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The future of student housing may mean greater energy efficiency, faster construction times, and less waste if developers follow in the footsteps of the Dyson Institute of Engineering and Technology’s newly completed undergraduate village in Wiltshire. London-based architectural practice WilkinsonEyre recently completed the student housing development at the Dyson Malmesbury Campus, which was also masterplanned by WilkinsonEyre. Constructed with modular building technologies, the energy-efficient village for engineering students comprises clusters of prefabricated pods that were rapidly manufactured off-site and then craned into place with fittings and furnishings already in place. The Dyson Institute of Engineering and Technology was created to combine higher education with commercial industry, research, and development. To create an immersive live/work experience, the campus tapped WilkinsonEyre to design student housing that houses up to 50 engineering students and visiting Dyson staff. In addition to the housing pods, the crescent-shaped landscaped site includes communal amenities as well as a central social and learning hub. Related: LEED Platinum UCSB student housing harnesses California’s coastal climate Measuring eight meters by four meters each, the housing pods were prefabricated from cross-laminated timber and then stacked into a variety of cluster configurations ranging from two to three stories tall, with some units cantilevered by up to three meters. Each pod is optimized for energy efficiency, which includes harnessing CLT’s thermal massing benefits, tapping into natural ventilation, and maximizing daylight through large, triple-glazed windows. Aluminum rainscreen panels clad the exterior and some units are topped with sedum-covered roofs. The prefabricated units were fully fitted with bespoke furniture and built-in storage before they were transported to the site. Each cluster consists of up to six prefab units with a shared kitchen and laundry area at the mid-entry level as well as an entry area with reception and storage. “The dynamic variety of configurations lends an informal, residential character to the village,” says the project statement. “Green spaces and pathways determine user movement through the village and mediate connections between the residential accommodation and the communal clubhouse, named the Roundhouse, at the centre.” + WilkinsonEyre Images via WilkinsonEyre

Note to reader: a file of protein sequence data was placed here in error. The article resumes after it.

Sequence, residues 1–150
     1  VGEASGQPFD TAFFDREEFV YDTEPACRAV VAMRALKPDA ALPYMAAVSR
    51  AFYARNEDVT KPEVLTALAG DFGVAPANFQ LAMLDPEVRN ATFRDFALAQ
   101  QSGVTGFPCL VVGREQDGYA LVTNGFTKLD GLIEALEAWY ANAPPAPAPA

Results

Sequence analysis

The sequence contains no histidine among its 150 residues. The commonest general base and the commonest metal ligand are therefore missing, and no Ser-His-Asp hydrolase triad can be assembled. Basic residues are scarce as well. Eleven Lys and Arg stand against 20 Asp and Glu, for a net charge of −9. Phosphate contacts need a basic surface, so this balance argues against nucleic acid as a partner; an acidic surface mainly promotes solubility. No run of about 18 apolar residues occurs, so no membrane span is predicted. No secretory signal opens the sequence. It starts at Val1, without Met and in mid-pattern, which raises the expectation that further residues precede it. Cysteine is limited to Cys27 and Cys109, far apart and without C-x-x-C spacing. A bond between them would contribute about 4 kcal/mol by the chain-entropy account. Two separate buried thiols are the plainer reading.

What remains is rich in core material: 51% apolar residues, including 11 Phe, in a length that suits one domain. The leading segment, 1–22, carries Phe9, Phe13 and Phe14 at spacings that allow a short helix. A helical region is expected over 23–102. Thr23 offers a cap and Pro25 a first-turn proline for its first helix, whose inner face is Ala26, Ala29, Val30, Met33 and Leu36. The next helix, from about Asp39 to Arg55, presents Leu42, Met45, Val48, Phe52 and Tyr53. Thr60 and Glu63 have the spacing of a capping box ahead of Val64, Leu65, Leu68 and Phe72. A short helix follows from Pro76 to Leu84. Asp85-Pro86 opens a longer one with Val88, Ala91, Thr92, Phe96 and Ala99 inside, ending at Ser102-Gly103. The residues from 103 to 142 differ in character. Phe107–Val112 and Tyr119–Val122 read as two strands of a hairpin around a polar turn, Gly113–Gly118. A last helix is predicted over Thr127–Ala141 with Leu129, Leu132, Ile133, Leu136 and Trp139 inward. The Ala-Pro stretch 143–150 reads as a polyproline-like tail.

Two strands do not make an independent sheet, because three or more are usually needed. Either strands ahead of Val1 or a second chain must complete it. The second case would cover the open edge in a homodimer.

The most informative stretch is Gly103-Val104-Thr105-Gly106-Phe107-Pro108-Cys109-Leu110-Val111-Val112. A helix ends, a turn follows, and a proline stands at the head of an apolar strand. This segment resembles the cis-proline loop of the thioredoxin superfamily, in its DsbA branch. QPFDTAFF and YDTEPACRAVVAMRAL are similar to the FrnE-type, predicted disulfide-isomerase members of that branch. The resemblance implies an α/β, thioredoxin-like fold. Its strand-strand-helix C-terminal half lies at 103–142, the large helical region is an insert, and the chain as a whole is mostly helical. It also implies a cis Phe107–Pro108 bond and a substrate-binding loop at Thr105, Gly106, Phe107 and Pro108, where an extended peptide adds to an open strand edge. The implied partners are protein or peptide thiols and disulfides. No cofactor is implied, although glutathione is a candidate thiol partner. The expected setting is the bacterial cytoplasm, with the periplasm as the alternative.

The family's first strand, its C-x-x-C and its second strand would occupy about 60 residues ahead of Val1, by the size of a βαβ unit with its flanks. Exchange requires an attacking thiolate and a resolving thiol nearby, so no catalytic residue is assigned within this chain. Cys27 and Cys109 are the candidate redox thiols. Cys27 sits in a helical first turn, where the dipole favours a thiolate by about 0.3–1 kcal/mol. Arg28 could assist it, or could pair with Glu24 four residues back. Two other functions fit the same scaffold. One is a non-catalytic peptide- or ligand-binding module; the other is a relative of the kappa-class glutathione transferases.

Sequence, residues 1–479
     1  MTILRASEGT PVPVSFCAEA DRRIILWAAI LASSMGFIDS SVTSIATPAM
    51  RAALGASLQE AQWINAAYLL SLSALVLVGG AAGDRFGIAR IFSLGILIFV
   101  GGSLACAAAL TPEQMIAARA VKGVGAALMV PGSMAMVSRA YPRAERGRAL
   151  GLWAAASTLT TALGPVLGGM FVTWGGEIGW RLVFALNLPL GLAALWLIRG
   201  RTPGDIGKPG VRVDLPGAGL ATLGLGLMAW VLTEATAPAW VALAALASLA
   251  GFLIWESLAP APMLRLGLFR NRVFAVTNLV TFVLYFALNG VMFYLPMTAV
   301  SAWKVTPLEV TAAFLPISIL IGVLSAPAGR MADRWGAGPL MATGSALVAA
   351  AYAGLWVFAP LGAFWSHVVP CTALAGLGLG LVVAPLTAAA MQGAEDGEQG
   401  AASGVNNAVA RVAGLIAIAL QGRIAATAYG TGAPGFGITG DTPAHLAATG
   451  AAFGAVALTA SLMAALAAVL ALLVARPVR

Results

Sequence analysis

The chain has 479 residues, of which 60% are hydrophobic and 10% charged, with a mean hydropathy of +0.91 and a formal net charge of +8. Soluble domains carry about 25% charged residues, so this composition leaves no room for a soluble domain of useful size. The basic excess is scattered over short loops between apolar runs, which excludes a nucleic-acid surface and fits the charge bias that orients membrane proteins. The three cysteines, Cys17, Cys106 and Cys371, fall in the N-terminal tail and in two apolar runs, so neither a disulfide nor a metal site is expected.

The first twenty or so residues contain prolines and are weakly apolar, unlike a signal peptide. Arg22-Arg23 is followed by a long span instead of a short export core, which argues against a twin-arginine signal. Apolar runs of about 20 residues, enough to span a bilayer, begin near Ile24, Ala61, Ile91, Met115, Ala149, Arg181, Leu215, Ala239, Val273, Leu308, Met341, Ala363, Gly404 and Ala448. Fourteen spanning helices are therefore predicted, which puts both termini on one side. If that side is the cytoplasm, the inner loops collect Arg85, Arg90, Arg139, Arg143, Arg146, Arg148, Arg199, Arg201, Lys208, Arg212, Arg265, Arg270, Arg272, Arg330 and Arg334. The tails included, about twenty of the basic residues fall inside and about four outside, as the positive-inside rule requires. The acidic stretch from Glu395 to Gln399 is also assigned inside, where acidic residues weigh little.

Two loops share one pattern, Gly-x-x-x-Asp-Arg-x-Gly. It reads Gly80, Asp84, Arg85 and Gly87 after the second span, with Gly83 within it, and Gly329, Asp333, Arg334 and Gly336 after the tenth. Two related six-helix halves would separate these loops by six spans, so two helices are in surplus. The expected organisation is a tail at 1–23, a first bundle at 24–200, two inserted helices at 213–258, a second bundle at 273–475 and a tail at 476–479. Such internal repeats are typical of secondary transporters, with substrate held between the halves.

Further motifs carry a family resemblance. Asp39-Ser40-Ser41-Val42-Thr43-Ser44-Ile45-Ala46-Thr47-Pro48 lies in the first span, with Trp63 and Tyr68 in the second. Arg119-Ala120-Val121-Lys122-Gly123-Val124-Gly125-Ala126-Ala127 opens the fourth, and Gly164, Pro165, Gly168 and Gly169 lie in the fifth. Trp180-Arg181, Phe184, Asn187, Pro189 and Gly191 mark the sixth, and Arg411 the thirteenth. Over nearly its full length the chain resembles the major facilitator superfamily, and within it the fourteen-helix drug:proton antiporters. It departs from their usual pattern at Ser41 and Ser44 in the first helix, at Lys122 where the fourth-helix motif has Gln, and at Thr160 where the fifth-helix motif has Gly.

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Prefab housing pods pop up with speed at Dyson Institutes modular village

Selgascano designs plant-filled creative office campus for Second Home Hollywood

June 26, 2019 by